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The Desert Mountains and canyons to the South-West of the Hashemite Kingdom of Jordan form one of the most formidable landscapes known to man. The sandstones here are hundreds of feet high forming some of the steepest cliffs ever. Millions of years of wind and water erosion from winter flash floods have carved an intricate network of deep canyons into the ragged desert sandstone. Couple that with the hot desert sun and the unavailability of water you get one efficient death trap for any life-form unlucky enough to find itself lost in this fantastical landscape. It would only be logical to conclude that this part of the planet is inhabitable. Or would it?

Despite these life-threatening conditions this area was settled as early as 7000 BC. Why is that? Trade! The trade of frankincense and myrrh in particular and although other goods like silks, china and spices were part of the trade, frankincense and myrrh were amongst the most valuable. After all they are among the gifts given to baby Jesus by the wise men. These goods were very important for the elite citizens of the Roman Empire who consumed nothing but the best of the best from around the world which effectively meant that this area was the trade gateway to the Roman Empire. And since this was before sea routes became cheaper and more efficient, it meant that goods had to be transported the old fashioned way; in caravans on the backs of camels and donkeys. And the Nabataeans found themselves smack in the middle of this golden trade


The Rise Of Petra

The Nabataeans were a nomadic Arab community who had vast knowledge of this area. The canyons were their roads; they knew where to find water and what areas to venture or not to venture into. So if you were a trader back in the day with your caravan of precious cargo and wanted to make it across the desert alive, you were better off with one of these knowledgeable nomads leading that caravan. The Nabataeans were effectively in total control of this trade; and it made them very wealthy. And when you control a gold mine the only thing you can really do is live like the king you are. A king needs a palace to make a statement, and thriving city to go with it. The Romans had Constantinople and Rome, the Egyptians had Cairo and Alexandria; so the Nabataeans of the Nabataean Kingdom built the Rose City of Petra (Greek for “rock”) as their capital in 4th century BC. And boy was it a spectacle!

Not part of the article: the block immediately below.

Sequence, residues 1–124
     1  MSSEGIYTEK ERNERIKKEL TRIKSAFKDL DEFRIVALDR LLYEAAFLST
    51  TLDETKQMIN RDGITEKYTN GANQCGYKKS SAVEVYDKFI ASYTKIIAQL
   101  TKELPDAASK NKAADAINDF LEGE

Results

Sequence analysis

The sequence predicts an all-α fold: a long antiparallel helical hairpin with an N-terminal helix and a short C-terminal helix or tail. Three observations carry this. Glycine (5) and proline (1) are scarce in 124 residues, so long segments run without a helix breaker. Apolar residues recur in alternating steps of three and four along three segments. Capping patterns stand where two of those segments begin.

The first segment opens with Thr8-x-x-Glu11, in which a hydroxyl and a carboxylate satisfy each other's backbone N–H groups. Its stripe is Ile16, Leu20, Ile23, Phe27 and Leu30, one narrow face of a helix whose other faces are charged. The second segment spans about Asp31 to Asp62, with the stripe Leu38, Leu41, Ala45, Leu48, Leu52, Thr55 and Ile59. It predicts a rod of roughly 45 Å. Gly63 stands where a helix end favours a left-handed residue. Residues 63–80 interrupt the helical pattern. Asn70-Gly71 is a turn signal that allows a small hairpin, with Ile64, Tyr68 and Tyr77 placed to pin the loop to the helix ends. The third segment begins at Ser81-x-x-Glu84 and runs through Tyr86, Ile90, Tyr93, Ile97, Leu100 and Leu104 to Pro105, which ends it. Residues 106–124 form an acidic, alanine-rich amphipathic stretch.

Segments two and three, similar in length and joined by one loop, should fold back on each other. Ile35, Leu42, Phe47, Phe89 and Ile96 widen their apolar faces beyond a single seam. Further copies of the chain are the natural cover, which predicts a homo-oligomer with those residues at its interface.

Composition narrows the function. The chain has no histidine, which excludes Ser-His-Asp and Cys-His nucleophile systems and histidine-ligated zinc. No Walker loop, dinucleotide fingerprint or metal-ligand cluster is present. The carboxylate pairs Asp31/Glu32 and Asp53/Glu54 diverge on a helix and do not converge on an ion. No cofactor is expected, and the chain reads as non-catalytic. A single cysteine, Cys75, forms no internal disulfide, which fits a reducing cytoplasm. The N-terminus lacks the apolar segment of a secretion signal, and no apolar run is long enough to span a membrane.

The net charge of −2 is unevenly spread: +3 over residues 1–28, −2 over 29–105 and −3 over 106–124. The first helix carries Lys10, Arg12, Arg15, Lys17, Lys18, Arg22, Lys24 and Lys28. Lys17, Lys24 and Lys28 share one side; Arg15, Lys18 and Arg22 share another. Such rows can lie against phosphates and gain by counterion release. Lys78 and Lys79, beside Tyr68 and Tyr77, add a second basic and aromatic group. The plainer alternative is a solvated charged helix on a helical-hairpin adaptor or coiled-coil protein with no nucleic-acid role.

The Nabataeans were master stone carvers. Most of the buildings in Petra were carved right into the desert sandstone. Sandstone is soft because it’s mainly compressed layers of sand and minerals. For this reason, it is easy to work with. The results of what the city looked like are best shown by one of the most popular and magnificently sculpted building in the city ruins today; the Al-Khazneh (the Treasury). It was (and still is) the first building to welcome you to Petra. After days of traversing the hostile desert you’d arrive at the Al Siq, a 1.2 kilometer canyon that served as the entry to the city. Flanked by cliffs to each side almost 600 feet tall, the curves and bends of the canyon finally deposited you in front of the Khazneh. 80 feet wide and 100 feet tall it is twice the height of Mt. Rushmore National Memorial in the Black Hills in Keystone, South Dakota. Massive columns, intricate sculptures and decorations adorn its walls taking full advantage of the light bouncing off the natural rose color of the sandstone. Al-Khazneh was effectively a statement of wealth and grandeur to anyone who came to Petra. Then ‘awesome’ just kept coming from here into the heart of the city.